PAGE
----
The main aim was to increase the communicative opportunities of young people who are non-verbal, and have multiple physical, sensory and learning difficulties. Our secondary aim was to investigate whether increased Augmentative and Alternative Communication, particularly Voice Output Communication Aid (VOCA) use, led to improved cognitive abilities.
Targeted fourteen AAC users at Dame Hannah Rogers Trust (10-25yrs). Repeated measures designed to investigate:
- The perceptions of AAC users’ primary care givers regarding VOCA use (questionnaire)
- Actual VOCA usage (data logging)
- The young people’s IQ score (Leiter-R cognitive assessment), pre- and post-adapted ‘You Matter’ training intervention intended to build the knowledge, confidence and effectiveness of VOCA interactions of primary care givers.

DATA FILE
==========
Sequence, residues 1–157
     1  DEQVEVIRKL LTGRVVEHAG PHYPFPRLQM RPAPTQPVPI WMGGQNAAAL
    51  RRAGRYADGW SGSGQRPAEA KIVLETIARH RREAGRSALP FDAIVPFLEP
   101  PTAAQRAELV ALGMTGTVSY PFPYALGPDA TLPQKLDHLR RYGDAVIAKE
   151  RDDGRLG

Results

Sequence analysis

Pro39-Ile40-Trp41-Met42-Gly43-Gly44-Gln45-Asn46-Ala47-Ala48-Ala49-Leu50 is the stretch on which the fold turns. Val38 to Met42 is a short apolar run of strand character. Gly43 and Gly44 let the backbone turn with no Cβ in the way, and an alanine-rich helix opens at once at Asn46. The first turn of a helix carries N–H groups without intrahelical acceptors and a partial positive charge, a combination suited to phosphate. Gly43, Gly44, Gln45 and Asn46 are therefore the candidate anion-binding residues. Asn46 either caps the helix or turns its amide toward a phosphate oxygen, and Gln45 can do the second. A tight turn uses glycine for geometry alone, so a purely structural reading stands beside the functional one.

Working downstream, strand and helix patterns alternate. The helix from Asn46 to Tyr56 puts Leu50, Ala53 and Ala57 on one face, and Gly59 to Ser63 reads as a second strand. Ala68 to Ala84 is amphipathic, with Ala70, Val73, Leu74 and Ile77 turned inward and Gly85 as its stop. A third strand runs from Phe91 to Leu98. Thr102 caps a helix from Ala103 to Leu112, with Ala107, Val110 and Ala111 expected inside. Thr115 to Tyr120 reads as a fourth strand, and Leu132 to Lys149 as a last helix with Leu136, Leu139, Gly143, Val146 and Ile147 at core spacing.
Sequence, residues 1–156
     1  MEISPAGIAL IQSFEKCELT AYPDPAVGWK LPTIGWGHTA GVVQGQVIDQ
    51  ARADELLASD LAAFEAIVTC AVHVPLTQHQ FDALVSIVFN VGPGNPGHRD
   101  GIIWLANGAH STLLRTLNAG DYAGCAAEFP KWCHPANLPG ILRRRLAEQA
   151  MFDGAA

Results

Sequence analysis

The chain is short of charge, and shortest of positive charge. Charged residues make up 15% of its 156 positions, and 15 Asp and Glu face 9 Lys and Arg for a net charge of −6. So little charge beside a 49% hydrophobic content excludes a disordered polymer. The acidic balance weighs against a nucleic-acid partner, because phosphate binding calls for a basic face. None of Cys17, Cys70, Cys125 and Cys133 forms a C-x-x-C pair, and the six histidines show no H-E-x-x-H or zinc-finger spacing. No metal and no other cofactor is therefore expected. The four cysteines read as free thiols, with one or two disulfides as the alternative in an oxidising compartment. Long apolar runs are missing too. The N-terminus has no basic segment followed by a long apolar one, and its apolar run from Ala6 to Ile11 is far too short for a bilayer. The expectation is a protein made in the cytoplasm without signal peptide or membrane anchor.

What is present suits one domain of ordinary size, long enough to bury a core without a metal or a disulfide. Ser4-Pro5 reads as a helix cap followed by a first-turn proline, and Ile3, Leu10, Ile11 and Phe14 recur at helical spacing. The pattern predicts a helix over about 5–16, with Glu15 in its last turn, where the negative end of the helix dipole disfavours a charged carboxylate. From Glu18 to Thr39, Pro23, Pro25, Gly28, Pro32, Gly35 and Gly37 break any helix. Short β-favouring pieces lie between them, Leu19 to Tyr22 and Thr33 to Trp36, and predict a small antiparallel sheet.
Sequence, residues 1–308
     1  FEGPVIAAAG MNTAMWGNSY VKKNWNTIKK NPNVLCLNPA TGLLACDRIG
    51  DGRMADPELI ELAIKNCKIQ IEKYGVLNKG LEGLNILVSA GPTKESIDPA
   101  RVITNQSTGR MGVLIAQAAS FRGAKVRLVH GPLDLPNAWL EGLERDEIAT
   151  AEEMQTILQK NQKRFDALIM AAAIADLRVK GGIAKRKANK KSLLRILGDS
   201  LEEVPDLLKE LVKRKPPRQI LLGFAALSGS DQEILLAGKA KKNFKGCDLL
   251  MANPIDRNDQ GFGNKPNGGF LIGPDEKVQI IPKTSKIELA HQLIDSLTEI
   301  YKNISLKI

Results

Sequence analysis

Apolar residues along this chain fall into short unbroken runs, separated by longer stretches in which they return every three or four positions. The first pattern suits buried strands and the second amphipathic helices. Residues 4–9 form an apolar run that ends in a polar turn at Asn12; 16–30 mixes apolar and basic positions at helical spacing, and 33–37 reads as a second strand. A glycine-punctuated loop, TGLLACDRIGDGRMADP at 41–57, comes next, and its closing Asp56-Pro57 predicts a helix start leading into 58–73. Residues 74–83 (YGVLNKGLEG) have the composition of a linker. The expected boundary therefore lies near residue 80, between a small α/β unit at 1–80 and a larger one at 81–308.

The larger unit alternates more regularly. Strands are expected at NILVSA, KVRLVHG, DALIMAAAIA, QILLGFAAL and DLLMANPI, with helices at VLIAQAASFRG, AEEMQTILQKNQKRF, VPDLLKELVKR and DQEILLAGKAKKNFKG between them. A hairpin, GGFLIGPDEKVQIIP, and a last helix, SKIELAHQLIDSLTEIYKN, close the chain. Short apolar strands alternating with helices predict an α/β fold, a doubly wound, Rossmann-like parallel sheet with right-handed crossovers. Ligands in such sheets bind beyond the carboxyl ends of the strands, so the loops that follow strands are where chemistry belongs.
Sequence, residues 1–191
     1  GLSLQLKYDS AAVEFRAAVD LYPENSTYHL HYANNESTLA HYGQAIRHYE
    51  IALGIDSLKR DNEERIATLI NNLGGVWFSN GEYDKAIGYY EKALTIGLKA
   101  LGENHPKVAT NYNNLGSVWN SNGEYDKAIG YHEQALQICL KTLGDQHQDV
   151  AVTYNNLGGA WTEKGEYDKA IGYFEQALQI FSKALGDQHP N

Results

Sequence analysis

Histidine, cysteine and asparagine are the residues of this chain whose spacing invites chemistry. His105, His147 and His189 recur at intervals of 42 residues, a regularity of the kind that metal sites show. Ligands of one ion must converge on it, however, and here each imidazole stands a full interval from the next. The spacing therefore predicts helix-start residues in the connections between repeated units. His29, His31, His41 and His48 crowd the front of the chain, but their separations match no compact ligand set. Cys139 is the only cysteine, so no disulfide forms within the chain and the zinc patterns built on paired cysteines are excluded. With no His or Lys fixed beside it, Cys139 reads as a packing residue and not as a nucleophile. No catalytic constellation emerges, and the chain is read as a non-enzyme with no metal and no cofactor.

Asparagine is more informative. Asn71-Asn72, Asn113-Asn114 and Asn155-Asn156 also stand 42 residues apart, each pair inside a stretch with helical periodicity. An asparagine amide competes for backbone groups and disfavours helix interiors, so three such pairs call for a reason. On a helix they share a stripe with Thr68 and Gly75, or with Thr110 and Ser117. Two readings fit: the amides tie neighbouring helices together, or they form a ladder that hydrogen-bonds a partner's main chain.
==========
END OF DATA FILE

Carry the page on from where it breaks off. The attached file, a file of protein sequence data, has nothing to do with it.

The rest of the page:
Research scheduled to finish in July 2013. Preliminary findings are positive: VOCAs are not being used as much as they could be, so there is potential for increased use. Primary care givers reacted positively to the ‘You Matter’ training and their involvement in increasing communication opportunities.
Predicted conclusions: We hope to show that through the inclusion, encouragement and training of primary care givers, effective VOCA interactions are achieved and increased during free-time, leading to a better quality of life for VOCA users.